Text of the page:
In an interview with "The Sun" newspaper, the 75-year-old spoke about his life-long ambition to create a grandiose theatre show and he now feels as though he has the time to make his dream a reality, reports "femalefirst.co.uk".
"I've got this mad idea to do an opera, my kind of opera. It will have a groove," he said.
The Kinks' music has had a major influence on numerous bands and artists over the years, such as The Jam, James Bay, Oasis and Blur, and Ray is pleased that his tracks have played a part in inspiring so many other songwriters.
"It's flattering. They saw something in us worth being inspired by," added the "Apeman" hitmaker.
This month marks the 50th anniversary of the band's acclaimed seventh studio LP 'Arthur (Or the Decline and Fall of the British Empire)', which was inspired by his older sister Rosie and her husband Arthur Anning who both turned their back on post-war Britain to emigrate to Australia in the 1960s.
Ray thinks the themes of disillusionment and despair contained in some of the songs from that album resonate with what is happening in politics in the UK today.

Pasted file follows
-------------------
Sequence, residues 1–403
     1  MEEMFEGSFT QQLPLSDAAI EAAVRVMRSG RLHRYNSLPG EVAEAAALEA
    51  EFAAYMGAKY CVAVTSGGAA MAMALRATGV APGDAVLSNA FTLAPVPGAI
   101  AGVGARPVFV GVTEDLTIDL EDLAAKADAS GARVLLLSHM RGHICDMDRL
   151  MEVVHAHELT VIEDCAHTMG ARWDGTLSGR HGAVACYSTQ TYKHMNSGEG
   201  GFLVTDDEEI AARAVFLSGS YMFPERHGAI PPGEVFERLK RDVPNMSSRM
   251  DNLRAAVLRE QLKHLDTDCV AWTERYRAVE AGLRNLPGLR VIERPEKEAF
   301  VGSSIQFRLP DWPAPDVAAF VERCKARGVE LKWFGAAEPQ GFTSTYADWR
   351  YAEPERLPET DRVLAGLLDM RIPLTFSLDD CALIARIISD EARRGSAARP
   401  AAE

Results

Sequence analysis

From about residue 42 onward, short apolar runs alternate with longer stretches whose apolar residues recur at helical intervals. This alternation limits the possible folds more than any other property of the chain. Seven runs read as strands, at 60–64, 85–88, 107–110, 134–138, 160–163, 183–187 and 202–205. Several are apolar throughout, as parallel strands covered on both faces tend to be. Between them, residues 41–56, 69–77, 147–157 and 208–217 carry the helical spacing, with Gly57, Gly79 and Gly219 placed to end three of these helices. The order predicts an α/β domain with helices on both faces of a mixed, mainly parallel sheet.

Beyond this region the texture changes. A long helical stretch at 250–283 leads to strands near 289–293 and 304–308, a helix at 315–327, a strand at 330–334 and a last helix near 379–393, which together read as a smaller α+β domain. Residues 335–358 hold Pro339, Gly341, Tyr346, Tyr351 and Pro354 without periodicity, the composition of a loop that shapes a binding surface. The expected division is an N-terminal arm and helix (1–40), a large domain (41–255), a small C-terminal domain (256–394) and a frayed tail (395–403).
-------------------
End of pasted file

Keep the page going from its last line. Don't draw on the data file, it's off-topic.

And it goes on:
He said: "Poor old Arthur. I think he's one of the forgotten masses. He was an enigma, just a plain, ordinary man, working class. I've always been attracted to those characters, the silent majority. Arthur felt betrayed like so many servicemen after the war. I got a feeling of despair from him because he thought that what his generation fought for was being lost ... He saw the future and that's why he had to get out.
"There's an eerie connection with now. Arthur felt trapped and lots of people in this country feel trapped. They have no voice, they don't live in London and they don't have access to all the right media. It's a pop-up society and pop-ups only give you limited information."
The siblings, Ray and Dave Davies founded The Kinks in 1963 and split in 1996.
( With inputs from IANS )